The cosmos in Bethesda’s Starfield contains wonder, adventure, and also a whole lot of junk — literally. A mission to a deserted research station might turn into a nonstop trinket-grabbing spree where players pick up every other mug, vial, and pill bottle left on a desk or lab table. As it turns out, space and its many technological edifices contain a veritable treasure trove of just random stuff. Much of this stuff was put there by Starfield developer Emmi “Elianora” Junkkari.
Prior to working on Starfield as a contract worker, Junkkari already made a name for herself as a veritable curator of clutter. She created mods that added stunning redecorated locales to games like The Elder Scrolls 5: Skyrim and Fallout 4. These include Tel Aschan, a beautifully cluttered mage tower home in Skyrim’s Winterhold, a city with no homes available for purchase in the base game, and an army bunker in Fallout 4. She also put a house made of cheese into Skyrim.
Over the years, Bethesda’s games have nearly become synonymous with their modding communities. Games like Skyrim owe modders everything from new and more complex gameplay to vital quality-of-life features. But Bethesda’s game development process has also become increasingly entwined with fan labor through programs like Creation Club, which allowed modders to create additional content for Skyrim and Fallout 4. Bethesda has hired developers from Creation Club, like Junkkari, for contract work.
Junkkari told Polygon she never thought she would ever break into the video game industry. She worked in IT and other service positions, until one day she downloaded a mod for Skyrim. In 2016, she published her first Skyrim mod and eventually went on to publish dozens of other mods that renovated the homes in Skyrim and Fallout 4. Eventually, Bethesda invited her to join Creation Club, where she did contract work for additional content until joining Starfield’s development team as a contract lighting artist.
“Given my specialization, it’s so easy to jump on board, because you basically know where to find things. And I would talk with the team and I was like, ‘Do we still have this feature that’s in Fallout 4?’ And they were like, ‘Wait, we had that in Fallout 4 but we don’t have that now?’” she told Polygon via video chat. “I would bring in a new perspective, because I’d already worked on the older titles, and I had had the freedom of modding, because when you make mods, you can do whatever.”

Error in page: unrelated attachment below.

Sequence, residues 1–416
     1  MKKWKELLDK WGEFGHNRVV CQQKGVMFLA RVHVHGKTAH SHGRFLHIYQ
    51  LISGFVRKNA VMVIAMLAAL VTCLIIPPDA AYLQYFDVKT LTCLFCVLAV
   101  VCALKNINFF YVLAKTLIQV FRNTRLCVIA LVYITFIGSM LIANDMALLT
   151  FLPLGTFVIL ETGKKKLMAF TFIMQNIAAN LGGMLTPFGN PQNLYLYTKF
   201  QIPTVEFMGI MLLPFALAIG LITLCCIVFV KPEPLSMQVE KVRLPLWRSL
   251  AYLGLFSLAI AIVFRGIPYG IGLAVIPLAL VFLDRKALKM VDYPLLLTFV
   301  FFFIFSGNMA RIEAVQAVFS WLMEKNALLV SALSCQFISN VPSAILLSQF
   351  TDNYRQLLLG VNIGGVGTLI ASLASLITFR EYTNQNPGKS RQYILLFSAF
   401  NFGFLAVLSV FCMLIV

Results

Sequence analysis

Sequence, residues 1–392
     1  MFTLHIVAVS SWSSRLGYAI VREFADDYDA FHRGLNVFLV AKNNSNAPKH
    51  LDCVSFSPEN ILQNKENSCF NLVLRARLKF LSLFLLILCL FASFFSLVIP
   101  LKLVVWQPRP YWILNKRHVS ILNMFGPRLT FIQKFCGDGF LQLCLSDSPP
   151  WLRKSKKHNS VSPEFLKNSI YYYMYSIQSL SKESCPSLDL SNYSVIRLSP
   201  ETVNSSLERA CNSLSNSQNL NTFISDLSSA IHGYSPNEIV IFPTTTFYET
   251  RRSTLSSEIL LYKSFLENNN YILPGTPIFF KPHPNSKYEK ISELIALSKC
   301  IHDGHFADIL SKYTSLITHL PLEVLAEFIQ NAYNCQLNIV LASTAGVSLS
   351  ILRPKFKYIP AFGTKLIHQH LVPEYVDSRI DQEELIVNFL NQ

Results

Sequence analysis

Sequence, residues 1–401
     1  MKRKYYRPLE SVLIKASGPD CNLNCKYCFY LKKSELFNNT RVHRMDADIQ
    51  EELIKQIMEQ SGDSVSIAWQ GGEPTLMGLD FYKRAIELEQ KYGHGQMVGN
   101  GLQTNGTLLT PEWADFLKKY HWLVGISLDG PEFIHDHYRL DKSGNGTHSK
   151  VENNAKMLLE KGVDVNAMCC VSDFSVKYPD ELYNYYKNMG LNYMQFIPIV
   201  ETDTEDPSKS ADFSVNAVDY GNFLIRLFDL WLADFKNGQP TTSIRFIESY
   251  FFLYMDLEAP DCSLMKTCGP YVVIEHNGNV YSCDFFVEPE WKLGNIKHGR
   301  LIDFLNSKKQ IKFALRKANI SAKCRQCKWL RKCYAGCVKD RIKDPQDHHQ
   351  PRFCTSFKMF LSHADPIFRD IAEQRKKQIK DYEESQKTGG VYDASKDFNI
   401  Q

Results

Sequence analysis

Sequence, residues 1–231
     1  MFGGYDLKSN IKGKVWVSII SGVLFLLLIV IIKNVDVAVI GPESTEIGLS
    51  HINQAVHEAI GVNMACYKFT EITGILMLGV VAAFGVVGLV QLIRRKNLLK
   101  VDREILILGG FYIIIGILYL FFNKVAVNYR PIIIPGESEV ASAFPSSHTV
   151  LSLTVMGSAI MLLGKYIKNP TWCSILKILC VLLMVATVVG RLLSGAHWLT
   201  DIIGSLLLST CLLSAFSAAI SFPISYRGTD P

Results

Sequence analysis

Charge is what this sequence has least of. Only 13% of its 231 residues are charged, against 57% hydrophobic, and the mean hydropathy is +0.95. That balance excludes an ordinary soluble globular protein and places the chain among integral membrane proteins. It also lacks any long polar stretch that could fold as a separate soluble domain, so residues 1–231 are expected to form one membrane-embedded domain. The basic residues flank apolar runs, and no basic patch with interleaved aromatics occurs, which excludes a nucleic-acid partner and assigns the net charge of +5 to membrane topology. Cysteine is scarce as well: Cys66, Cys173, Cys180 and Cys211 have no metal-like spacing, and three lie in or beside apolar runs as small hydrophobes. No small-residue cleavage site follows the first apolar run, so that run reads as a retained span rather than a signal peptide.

In her role, Junkkari continued to develop work in line with her output as a modder. She made small interiors from scratch, and worked with templates where she would add walls, structures, and all the clutter to finish a space. But there was still a learning curve moving from modding to developing the game.
“Bethesda doesn’t have static clutter, and that’s sort of my staple. When I make player homes, I want everything to be static, because your companion is just going to barge in and knock everything over. [...] I couldn’t do that with either Starfield or the Creation Club. And there were restrictions, like you had to match the clutter and lighting with all the vanilla style. You need to match the feel and look of the rest of the game. You can’t just go crazy or do something that modders can.”
And while working as a developer is more restrictive in these specific ways, it also gave Junkkari a chance to refine her skills.
“It’s taught me a lot of new ways to do things, instead of just doing all the same stuff that I always do,” she said. “I am so much better at lighting now. If you look at my Fallout 4 mods from before and after I was a lighting artist for Starfield, they are a lot more ambitious after I spent time with Starfleet lighting. So you can definitely see an improvement in the way I view everything.”
At time of publication, Junkkari’s contract is up, and she told Polygon she’s working a more “mundane” job. Still, she wants to emphasize the validity of modding as a means to get game development experience.
“I want people to really understand that this is a valid and good way to get a head start into the video game industry, right? Work with tools. Do your part. Complete projects. One of the major things that has pushed the way forward is that I was able to complete things.”